On the south side of Glen Lochay – [# 109 & 110]

Meall Glas (959m); Sgiath Chuil (921m)

  • Pronunciation:              Miaowl Glaz; Skeer Hool
  • Translation:                   Grey-green Hill; Back Wing or Sheltering Place
  • Total distance:              21.5km
  • Total time:                     6hrs 32mins
  • Total ascent:                 1311m
  • Weather:                        Bright to begin with but the summits soon clouded over and remained that way all day.
  • Start / end location:   On the roadside by Lenknock near the head of Glen Lochay. [OS Map Sheet 51 – Grid Ref: NN 477 368]
  • Map:                              A map of route can be found here – it may take a few moments to load into a separate window. The map displays on most browsers, but not unfortunately Internet Explorer.

Looking over Glen Lochay with Meall Glaz peering through from the background

Today’s outing was to climb the two Munro’s on the south side of Glen Lochay starting from just east of Kenknock Farm. This farm is located where the public unclassified road that runs up Glen Lochay turns NNE and begins to zigzag its way over to connect with the upper reaches of Glen Lyon.

Looking towards Meall Glas from Beinn Cheathaich

We parked up and walked about 1.5km along the road before passing Kenknock Farm where we then followed a land-rover track that continued eastward along the floor of Glen Lochay.  2km along this track we forked left and crossed the River Lochay to its south side via a shallow ford. We stayed on the land-rover track as it passed to the right hand side of Lubchurran Cottage where it then began to wind its way up the little glen that held the Lubchurran Burn.

Looking towards the summit prow of Sgiath Chuil from Beinn Cheathaich

As the track climbed higher it veered away from the course of the burn to firstly climb a rib slope before arcing round to eventually intersect the north ridge of Beinn Cheathaich where it petered out as a land-rover track to be replaced by a faint path leading directly up the north ridge. Only another few hundred metres of vertical ascent were required to bring us out at the Trig Point on top of Beinn Cheathaich. From this top we were lucky to be afforded some short-lived views to the west of us to Meall Glas (our next objective, and first Munro), and also to Sgiath Chùil across the glen to our east. The clouds rolled in shortly after, and that was the last of the views until much later in the afternoon when we dropped below the cloud on our final descent.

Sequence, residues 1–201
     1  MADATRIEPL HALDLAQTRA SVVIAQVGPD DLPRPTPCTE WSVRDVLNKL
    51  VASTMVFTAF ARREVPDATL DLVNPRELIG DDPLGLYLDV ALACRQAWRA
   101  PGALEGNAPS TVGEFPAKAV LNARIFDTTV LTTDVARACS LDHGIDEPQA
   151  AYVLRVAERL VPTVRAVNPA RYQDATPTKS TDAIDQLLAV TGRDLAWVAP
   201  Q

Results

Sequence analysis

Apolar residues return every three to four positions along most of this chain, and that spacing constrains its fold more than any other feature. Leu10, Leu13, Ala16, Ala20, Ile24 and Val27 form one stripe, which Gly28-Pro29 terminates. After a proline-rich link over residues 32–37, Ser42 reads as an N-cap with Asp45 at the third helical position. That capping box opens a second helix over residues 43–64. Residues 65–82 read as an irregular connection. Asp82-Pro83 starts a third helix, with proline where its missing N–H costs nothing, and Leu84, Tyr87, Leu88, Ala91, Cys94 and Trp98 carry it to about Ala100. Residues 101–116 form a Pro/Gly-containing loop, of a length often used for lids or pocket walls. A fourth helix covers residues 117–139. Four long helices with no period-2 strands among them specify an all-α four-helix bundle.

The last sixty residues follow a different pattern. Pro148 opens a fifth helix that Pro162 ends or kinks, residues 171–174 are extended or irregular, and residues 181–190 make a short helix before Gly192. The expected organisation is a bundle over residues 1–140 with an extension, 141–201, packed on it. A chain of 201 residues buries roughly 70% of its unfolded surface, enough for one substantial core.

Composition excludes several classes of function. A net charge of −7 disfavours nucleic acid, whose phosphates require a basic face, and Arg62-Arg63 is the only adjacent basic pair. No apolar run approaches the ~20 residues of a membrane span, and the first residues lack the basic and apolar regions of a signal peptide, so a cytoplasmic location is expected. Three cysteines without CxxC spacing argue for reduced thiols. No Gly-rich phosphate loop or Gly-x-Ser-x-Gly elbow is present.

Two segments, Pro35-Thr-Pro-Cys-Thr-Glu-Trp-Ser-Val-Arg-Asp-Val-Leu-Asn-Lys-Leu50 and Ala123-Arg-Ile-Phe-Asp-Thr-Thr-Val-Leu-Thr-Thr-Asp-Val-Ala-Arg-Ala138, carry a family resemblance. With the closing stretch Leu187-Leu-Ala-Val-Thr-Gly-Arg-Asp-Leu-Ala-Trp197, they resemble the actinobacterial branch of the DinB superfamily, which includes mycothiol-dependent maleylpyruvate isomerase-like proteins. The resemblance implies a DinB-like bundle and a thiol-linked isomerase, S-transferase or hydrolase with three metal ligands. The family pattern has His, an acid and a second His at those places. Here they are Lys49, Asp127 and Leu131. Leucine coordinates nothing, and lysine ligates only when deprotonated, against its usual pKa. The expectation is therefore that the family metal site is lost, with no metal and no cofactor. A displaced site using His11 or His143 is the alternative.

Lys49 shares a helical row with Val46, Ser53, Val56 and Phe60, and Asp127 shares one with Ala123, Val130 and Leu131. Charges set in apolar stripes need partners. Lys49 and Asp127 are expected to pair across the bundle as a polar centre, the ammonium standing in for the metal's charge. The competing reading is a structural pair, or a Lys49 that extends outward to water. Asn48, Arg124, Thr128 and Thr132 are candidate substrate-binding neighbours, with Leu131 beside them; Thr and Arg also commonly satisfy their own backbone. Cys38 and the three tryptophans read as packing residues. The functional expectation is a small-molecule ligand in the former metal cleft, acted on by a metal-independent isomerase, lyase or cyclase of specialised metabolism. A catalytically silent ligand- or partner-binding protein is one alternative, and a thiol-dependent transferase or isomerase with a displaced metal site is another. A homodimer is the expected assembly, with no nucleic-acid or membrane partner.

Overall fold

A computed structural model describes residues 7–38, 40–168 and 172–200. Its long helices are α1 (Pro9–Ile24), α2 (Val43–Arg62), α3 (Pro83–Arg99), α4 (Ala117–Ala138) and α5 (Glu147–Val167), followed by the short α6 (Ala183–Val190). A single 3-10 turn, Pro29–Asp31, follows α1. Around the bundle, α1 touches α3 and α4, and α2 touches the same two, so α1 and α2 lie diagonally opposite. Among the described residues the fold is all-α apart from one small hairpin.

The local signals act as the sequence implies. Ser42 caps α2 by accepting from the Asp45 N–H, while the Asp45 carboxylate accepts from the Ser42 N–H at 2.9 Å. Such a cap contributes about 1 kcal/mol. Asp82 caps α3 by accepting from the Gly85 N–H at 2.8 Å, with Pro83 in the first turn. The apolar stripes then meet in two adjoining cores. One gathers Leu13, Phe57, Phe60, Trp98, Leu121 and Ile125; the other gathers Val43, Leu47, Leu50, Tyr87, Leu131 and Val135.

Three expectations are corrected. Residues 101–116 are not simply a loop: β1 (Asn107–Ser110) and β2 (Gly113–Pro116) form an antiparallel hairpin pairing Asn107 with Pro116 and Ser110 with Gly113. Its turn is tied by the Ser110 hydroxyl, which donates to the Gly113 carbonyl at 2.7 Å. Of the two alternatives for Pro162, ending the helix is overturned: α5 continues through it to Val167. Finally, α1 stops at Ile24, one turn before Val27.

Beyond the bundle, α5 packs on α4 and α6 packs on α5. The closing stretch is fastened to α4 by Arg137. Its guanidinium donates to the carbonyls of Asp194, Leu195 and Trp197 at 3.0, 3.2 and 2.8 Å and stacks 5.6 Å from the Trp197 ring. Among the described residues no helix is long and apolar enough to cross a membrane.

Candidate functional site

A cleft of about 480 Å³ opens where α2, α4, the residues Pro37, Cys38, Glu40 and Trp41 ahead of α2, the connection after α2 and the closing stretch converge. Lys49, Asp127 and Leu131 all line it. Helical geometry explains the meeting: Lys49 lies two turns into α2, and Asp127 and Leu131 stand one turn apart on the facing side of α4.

Cameron at the summit of Meall Glas

Meanwhile, from the Trig Point we headed SW over a small top marked as 908m on the OS map before following the ridge round to the west where a short climb took us to the summit of Meall Glas at 959m or 3,146ft. From the summit we retraced our steps back to just beyond the 908m top before we turned SE and descended off the ridge, sweeping round towards the col below Meall a’ Churain. The descent was very steep down a small grassy gully: but at least it saw us reach our objective of the col quite quickly. From the col we took a diagonal line up the steep west side of our second Munro, Sgiath Chùil, where our line of ascent brought us round onto the SW flank of the hill, which was more easily followed to the summit prow at 921m or 3,022ft. Here we met two chaps doing the two Munros in the opposite direction to us. Unfortunately for them they hadn’t had any decent views – unlike us earlier on in the day.

Elaine at the summit of Sgiath Chuil

After chatting with them for a while we then started our long descent down the north ridge. About halfway down we dropped below the cloud cover and regained some lovely views again: especially of the other two Munros on the north side of Glen Lochay that we were planning on completing tomorrow. Before reaching Creag an t-Searraich towards the bottom end of the ridge we had the choice of dropping down to the west to pick up the land-rover track that we’d used earlier, or to head NE to reach the top of one of the large water pipes that ferries water across Glen Lochay as part of the hydro-electric power generation in the area. We chose the latter and from the top of the water pipe followed the access track back down to the floor of Glen Lochay. It was then just a short walk back passed Kenknock Farm to reach our car.

 

The water pipes on either side of Glen Lochay for the generation of hydro-electric power

About Cameron Speirs

Born and brought up in the Scottish Highlands, Cameron, has been interested in outdoor pursuits since he was a wee lad. Over the last few decades he has climbed extensively in the Italian Dolomites as well as summiting the Matterhorn and several other 4000m alpine peaks. Closer to home he has spent many wonderful weekends mountaineering and biking in Snowdonia, Cairngorms, Glen Coe, Skye and Lochaber.
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